Get a group of TD’s together and it won’t take long for the discussion to shift to how busy we all are. We all have a seemingly endless list of projects and tasks that we need to work on, and the pressure we feel (either from internal or external sources) to get them done—preferably right now. I too was one of those TDs. Years ago, I walked into a building that needed every single system updated, upgraded or replaced. In every room in the building. It was a long list. I know many of you are in similar situations. I started thinking that if I worked really hard just for the first few months, I could get it all done. But I came to realize that’s simply not possible.
The truth is, the list will never be complete.
That realization can either be frustrating or liberating, depending on how you choose to deal with it.
I decided to go with liberating. Here’s what I mean. Once I accepted the fact that the list will never be done, much of the pressure to get it all done right now is removed. I learned to be content knowing there will always be an endless list of tasks to accomplish, and getting them done will be a matter of prioritizing time and allocating budget. It really is that simple.
When someone told me something needs to be done, I either responded with, “It’s on the list,” or “I’ll add it to the list.” Depending on who made the suggestion, it may get put near the top or near the bottom.
I used to feel like I needed to be some kind of super-TD—you know, one of the guys who have all their systems completely dialed in, nothing on the repair bench, all processes totally sorted out. These guys spend all their time working with volunteers and perfecting their mixes with virtual soundcheck. What I learned is that those guys don’t really exist; at least I’ve never met any. And I know a lot of TDs.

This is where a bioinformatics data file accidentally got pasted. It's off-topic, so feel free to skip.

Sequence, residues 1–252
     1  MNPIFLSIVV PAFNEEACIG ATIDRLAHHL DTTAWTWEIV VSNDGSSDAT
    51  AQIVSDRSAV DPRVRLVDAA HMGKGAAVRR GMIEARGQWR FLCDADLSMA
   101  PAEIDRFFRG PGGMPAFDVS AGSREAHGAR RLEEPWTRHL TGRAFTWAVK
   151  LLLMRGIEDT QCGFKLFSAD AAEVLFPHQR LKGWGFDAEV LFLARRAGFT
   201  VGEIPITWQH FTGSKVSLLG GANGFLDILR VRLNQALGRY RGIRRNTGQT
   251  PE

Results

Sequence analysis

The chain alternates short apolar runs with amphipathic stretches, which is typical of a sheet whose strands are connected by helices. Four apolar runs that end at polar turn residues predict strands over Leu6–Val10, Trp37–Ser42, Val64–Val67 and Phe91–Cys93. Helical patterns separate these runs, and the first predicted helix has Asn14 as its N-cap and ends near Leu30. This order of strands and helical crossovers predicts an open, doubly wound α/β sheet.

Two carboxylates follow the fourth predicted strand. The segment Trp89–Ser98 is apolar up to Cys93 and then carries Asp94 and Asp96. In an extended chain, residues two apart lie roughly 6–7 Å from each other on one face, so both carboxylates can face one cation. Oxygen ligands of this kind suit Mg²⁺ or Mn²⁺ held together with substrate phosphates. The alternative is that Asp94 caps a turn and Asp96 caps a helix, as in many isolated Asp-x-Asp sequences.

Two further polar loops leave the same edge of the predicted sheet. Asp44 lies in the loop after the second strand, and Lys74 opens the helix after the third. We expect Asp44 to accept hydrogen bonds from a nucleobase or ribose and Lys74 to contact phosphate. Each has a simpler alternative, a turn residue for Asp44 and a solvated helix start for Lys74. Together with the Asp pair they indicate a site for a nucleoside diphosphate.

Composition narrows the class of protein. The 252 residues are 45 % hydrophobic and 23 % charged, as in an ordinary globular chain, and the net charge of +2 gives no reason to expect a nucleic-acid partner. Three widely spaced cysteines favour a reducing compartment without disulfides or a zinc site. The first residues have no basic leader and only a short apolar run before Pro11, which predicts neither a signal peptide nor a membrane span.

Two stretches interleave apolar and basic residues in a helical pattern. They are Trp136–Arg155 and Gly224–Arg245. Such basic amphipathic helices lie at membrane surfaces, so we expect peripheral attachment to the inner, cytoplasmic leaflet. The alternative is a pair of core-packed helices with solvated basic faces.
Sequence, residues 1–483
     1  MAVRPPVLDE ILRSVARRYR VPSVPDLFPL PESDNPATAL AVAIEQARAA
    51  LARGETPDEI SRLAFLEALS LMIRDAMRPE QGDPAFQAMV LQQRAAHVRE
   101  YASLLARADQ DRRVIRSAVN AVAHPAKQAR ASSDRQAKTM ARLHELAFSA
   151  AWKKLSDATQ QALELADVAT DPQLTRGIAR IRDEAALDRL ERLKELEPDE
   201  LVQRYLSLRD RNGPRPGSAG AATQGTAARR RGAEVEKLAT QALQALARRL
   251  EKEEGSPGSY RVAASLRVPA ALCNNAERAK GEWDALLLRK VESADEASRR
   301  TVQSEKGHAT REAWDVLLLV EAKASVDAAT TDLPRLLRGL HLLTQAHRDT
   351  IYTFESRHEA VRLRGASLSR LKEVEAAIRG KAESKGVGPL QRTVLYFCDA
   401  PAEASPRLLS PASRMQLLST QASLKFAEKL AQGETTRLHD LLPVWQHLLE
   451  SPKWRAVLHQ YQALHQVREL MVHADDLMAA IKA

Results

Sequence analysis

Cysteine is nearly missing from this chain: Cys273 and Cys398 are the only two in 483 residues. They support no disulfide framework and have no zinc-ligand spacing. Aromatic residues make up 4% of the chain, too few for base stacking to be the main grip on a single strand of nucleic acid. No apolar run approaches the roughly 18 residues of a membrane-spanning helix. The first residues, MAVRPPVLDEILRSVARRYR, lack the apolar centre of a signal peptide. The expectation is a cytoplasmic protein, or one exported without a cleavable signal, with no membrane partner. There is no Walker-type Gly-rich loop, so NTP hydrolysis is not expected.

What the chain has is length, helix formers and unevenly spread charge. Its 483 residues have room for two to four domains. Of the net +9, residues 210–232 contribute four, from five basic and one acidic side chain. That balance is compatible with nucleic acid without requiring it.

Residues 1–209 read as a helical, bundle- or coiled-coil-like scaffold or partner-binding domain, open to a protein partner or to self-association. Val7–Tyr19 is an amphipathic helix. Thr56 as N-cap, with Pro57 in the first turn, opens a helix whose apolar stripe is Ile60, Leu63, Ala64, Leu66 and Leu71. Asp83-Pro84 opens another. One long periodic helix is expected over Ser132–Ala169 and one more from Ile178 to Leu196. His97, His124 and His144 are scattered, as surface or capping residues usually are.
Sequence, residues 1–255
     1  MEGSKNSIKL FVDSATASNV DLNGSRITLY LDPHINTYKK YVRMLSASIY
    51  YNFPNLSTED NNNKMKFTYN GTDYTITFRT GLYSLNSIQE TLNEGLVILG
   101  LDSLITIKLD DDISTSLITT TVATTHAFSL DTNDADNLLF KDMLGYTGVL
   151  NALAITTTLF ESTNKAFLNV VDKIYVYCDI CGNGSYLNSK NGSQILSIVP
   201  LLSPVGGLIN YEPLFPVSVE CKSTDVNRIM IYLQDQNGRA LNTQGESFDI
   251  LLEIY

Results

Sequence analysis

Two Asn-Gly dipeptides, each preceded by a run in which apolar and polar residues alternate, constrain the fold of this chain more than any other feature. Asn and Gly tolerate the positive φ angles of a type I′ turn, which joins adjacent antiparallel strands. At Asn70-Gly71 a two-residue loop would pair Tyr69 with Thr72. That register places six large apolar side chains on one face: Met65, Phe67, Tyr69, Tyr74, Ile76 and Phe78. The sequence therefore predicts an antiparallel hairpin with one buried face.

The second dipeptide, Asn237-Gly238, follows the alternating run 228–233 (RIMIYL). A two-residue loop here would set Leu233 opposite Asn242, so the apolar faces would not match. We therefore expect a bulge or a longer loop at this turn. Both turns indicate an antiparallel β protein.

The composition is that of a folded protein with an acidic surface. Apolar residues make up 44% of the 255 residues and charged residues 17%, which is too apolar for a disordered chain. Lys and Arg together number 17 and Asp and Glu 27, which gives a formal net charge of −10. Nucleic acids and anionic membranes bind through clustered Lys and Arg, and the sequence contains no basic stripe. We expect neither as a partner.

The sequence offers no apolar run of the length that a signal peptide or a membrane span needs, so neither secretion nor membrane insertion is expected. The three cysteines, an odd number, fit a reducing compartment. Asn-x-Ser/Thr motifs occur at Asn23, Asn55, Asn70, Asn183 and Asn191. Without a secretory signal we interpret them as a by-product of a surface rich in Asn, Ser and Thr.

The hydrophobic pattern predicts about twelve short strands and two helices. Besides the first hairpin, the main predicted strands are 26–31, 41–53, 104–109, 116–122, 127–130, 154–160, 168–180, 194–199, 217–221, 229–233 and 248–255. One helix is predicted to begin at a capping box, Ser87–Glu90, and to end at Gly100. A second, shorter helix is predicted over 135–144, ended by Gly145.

I know TD’s of big churches who have tech arts staffs bigger than my church staff, and I know TD’s of small churches who are also the IT/Communications/Office Manager. They all face the same issues. When I visit them at their churches, they all say, “Yeah, we’ve got to work on this or that…”
Some time ago, I spent half a day with a great TD who moved into a brand new building recently. As we walked the facility, I learned his list of things to be done is longer than mine. And that’s in a brand new building! Even there, things didn’t go quite as planned, they ran short of time and had to jury-rig a few things just to get it working for opening weekend. And now they have a list; just like the rest of us.
The thing that God taught me in all this is that my worth and significance as a person is not dependent on how successful I am at clearing my to-do list. God doesn’t think less of me because I still haven’t gotten around to cleaning up that tangle of wires behind the audio rack. Or sorted out that issue with the Receptor. Or figured out the IEM interference issues. God is calling me to rest and rejoice in my appointed tasks; tasks I’ll get done eventually.
So if you’ve been feeling inadequate because your to-do list is seemingly endless, relax. You are part of a large group of TDs who also have a long list of projects to work on. Chances are, regardless of how hard you work at it, that list will still be there. Do your best, then go home at night knowing you’ve still got something to work on tomorrow. And the next day. Consider it job security.